That's next.

(COMMERCIAL BREAK)

PERINO: President Trump laid out his plan to help rural America today in the great state of Tennessee. He's the first president in a quarter- century to address the American Farm Bureau Federation's annual convention.
Here were some of the highlights.

(BEGIN VIDEO CLIP)

DONALD TRUMP (R), PRESIDENT OF THE UNITED STATES: We have been working every day to deliver for America's farmers, just as they work every single day to deliver for us.

The American dream is roaring back to life, and we've just signed into law the most significant tax cuts and reforms in American history.

We're also putting an end to the regulatory assault on your way of life.

We are witnessing a new era of patriotism, prosperity, and pride. And at the forefront of this exciting new chapter is the great American farmer.

Farm country is God's country. So true.

(END VIDEO CLIP)

PERINO: So Juan, one of the things the president did at the very end is he signed an executive order authorizing more broadband connectivity issues, so like, putting towers around so that people living in rural America could have the same type of access that everybody else does. So I thought that was a pretty positive thing. What about you?

WILLIAMS: Yes, it is. I mean, I don't know, with net neutrality, they might have to pay a little more, but I think it's a great thing. In fact, I think a lot of the cable companies been very aggressive in saying that is something that we can do, we should do. And so I think the support from the president is a big aid for that, and it's a big boon to rural America, which has been going through some very difficult economic times.

Where the president and the farmers are on different pages, when it comes to trade, Dana...

PERINO: Yes.

WILLIAMS: ... because on issues like NAFTA, and especially import export.
American farmers need that global marketplace. So he didn't say that he was going to change that.

PERINO: Liz Cheney was on "The Daily Briefing" today, Kimberly, and she said that the agriculture immunity had had really good meetings with the White House and that she thinks that their concerns about NAFTA have actually been addressed.

GUILFOYLE: Yes, this is what I thought was fascinating because of -- and persuasive. She seems to have the information about it, to say that it's something that's been discussed and now that they feel a sense of confidence.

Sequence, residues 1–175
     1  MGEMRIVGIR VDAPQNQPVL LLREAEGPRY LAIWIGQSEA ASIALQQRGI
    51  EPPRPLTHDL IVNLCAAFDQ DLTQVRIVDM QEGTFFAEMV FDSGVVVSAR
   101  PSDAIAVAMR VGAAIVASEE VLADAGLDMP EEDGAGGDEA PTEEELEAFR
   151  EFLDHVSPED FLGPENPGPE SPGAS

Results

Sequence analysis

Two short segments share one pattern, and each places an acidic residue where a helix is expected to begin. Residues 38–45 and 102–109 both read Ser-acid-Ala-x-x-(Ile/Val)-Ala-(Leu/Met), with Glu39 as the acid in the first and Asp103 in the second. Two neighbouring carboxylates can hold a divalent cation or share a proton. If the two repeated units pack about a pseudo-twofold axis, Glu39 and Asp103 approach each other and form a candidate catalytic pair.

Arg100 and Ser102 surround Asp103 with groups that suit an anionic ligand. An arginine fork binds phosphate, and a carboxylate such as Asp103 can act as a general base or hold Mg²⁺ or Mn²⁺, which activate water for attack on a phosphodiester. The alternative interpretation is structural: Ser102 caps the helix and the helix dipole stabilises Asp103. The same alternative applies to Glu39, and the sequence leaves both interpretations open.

And I think this really goes to the sense that President Trump, being very hands-on to try to address people's concerns, really understanding jobs and promising to connect with the working-class men and women, including yes, farmers. That farmers haven't been left behind, just like coal miners haven't been left behind.

So what are your particular interests and concerns of your core group, right? So as it relates to them, that these are able to meet. Address those issues and then move forward.

I think it's effective governing is what it is, and it's what's been needed. Because no two groups kind of are the same. They have different needs, different concerns. And so you have to be sensitive to those and really actually listen to them, and he did that when he was campaigning.
And now he's doing it while he's in the Oval.

PERINO: One of the things he led with Greg was something I know that you talk about often, and that is basically doing the -- what the tax reform bill did on death taxes, so that people with family farms can try to keep it in the family more and not be penalized.

GUTFELD: Yes, he made a funny joke out of it. What did he say? He goes, "This isn't really going to help you."

PERINO: It's your children.

GUTFELD: Yes, yes. Because you'll be dead. But no, this is an important thing. You can't tax something that's already been taxed. That's actually immoral; it's wrong. It's theft.

But I think I can speak for everybody that watches MSNBC and CNN. What's rural?

PERINO: What's a farm?

GUTFELD: What's a farm? What's heartland? What is that?

GUILFOYLE: What?

PERINO: He had a very receptive crowd, Jesse.

WATTERS: It's amazing that a billionaire real-estate developer...

PERINO: From New York, yes.